Portraits of a Changing City

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Saudi Artist Ahmed Mater is the first to hold a solo Saudi art exhibition in Washington D.C.

The first solo Saudi art exhibition in Washington D.C. offers an alternative view of Mecca

BY Roshanak Taghavi

The entrance into “Symbolic Cities” initiates you into artist Ahmed Mater’s vision for the future of Saudi Arabia.

On view at the Smithsonian’s esteemed Sackler Gallery in Washington D.C., Mater’s exhibit of installations and photographs is the first solo exhibition for a Saudi artist in the United States.

The artist documents the convergence between tradition, urbanization and modernity as some of Saudi Arabia’s greatest cities develop and expand in line with the Kingdom’s burgeoning economy.

Mater, who trained as a medical doctor before dedicating himself to art full-time, tells Newsweek Middle East he’s “especially interested” in documenting the privatization of Saudi Arabia’s public goods and open spaces, as the government expands and reconstructs its cities to accommodate new businesses and tourists.

Through his art, Mater hopes to foster critical thinking among Mecca’s residents and encourage them to play a role in determining how their city changes.

Mecca should be developed in a way that reflects the humanity of its local inhabitants: natives, the generations of Burmese residents who have come to consider the city as their home, and the many guest workers who live there, according to Mater.
“People think Mecca is only a place where people come for pilgrimage, but Mecca is important as a living city as well,” he says. “Now the public space is being squeezed.”

Many of Mater’s photos are taken at twilight, when the city is on the verge of surrendering to darkness, and some are taken from new vantage points like construction cranes, mountaintops and helicopters, portraying an outsider’s experience of Mecca versus that of the local inhabitants.

In “Symbolic Cities,” Mater layers the old with the new, setting the devotion of pilgrims seeking spiritual growth against the rapid urbanization he believes is diluting that growth, as the city transforms to accommodate them.

This layering is most evident in Nature Morte, which reveals a stellar $3,000 a night view of the Kabah, the most sacred site of worship for Muslims around the world, from the luxurious confines of the five-star Fairmont’s Mecca Royal Clock Tower Hotel.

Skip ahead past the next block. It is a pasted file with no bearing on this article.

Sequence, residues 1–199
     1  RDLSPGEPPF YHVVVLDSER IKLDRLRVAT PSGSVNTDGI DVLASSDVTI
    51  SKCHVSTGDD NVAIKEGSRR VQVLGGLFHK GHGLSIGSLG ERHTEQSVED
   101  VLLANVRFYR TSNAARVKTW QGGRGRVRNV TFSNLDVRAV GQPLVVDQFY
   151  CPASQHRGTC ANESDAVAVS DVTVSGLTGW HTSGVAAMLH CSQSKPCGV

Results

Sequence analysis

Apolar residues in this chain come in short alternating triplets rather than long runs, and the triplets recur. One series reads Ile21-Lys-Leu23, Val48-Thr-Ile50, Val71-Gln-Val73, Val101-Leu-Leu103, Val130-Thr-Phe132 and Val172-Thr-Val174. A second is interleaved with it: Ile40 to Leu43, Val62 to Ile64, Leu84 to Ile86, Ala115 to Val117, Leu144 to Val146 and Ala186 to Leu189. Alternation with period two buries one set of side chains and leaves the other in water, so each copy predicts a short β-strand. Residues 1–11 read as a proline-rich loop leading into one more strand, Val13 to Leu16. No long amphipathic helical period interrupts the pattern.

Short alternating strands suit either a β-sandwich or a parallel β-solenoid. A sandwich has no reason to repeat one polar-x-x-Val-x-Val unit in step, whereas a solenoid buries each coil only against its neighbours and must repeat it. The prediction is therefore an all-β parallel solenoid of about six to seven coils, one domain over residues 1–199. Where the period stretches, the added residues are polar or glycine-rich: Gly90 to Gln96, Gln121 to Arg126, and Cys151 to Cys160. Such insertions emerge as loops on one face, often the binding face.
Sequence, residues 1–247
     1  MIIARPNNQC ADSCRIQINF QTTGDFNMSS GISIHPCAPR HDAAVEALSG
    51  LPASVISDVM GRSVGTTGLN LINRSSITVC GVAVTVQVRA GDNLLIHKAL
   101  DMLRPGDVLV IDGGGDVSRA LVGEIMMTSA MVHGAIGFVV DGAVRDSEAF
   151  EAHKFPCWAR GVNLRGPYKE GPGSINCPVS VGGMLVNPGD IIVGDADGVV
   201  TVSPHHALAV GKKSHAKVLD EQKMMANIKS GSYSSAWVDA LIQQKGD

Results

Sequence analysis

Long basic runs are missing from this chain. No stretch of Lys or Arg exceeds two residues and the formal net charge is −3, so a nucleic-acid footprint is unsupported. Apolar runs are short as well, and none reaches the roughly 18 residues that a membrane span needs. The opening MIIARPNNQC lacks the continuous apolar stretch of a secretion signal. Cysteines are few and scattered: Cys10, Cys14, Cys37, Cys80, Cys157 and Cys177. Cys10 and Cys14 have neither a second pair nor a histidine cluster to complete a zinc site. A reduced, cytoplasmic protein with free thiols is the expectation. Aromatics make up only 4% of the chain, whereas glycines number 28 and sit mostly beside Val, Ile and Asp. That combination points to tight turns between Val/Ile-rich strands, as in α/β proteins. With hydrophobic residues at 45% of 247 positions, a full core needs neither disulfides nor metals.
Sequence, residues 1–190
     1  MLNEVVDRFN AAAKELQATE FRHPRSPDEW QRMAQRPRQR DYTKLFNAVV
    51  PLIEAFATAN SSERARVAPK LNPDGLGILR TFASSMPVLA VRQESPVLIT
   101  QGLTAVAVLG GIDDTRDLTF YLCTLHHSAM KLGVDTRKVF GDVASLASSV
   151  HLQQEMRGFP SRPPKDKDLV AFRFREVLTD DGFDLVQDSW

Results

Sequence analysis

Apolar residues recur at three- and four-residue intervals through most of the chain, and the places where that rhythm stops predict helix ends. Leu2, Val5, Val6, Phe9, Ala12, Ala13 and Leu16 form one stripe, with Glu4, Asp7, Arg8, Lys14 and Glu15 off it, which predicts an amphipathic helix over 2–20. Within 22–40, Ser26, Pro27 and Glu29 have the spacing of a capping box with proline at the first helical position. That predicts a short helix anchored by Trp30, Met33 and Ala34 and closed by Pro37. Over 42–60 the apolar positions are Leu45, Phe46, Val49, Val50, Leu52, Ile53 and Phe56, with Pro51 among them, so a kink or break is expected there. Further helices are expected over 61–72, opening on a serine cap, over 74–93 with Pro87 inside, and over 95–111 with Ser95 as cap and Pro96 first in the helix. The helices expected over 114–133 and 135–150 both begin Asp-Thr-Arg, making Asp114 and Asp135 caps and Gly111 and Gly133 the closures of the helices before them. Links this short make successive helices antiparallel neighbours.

Will our eye become stuck in the shallow vision of ripe fruit inside an expensive hotel room, or will we appreciate the sacredness that lies beyond it, in the Kabah?

“Mecca is a city based on values of similarity and equality and justice. People come to remember they are human beings. [But in this image], you can see the Kabah from the five-star hotel, and it is too much,” he says.

Mater’s photo of a construction worker named Jabril most embodies the message he seeks to convey.

Jabril, whose name alludes to Angel Gabriel, stands suspended in the air gripping a golden crescent that will adorn the Makkah Royal Clock Tower, a hotel built where an 18th century Ottoman citadel once stood.

Mater likens Jabril to the iconic American photo Lunch Atop a Skyscraper, depicting ironworkers seated atop a steel beam 69 floors above the Rockefeller Center’s RCA Building in New York. That photo came to symbolize the American working class during the era of Great Depression in the U.S.

If Mecca continues along its current business-oriented model of transformation, it may one day be unable to accommodate its residents because there will no longer be space for them.

The way Mecca is changing might be good for tourism, but won’t be sustainable for its inhabitants, the artist says.

Jabril is hanging on the crescent … like an angel bringing awareness to the city, warning about the public space, and warning about the body and how it’s suffering from all the commercialism and materialism,” says Mater.


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